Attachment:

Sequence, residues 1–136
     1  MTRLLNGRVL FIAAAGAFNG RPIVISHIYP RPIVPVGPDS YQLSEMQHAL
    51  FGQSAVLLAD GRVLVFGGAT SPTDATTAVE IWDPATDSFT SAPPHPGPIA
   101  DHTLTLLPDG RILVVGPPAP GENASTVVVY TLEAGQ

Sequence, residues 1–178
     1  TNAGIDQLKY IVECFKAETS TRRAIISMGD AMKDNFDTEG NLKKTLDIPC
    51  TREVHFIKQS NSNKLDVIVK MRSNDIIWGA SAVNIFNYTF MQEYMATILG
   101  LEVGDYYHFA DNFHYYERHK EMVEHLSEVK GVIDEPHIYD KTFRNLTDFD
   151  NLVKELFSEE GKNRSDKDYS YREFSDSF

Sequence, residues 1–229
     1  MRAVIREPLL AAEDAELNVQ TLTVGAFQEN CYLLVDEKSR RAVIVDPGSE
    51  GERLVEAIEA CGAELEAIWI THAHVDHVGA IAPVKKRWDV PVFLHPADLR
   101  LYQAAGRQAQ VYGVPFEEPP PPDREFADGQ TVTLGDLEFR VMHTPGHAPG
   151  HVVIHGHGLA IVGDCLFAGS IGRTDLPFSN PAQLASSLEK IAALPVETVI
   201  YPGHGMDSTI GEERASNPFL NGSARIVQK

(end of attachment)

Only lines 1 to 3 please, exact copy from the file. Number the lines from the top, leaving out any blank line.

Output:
Sequence, residues 1–136
     1  MTRLLNGRVL FIAAAGAFNG RPIVISHIYP RPIVPVGPDS YQLSEMQHAL
    51  FGQSAVLLAD GRVLVFGGAT SPTDATTAVE IWDPATDSFT SAPPHPGPIA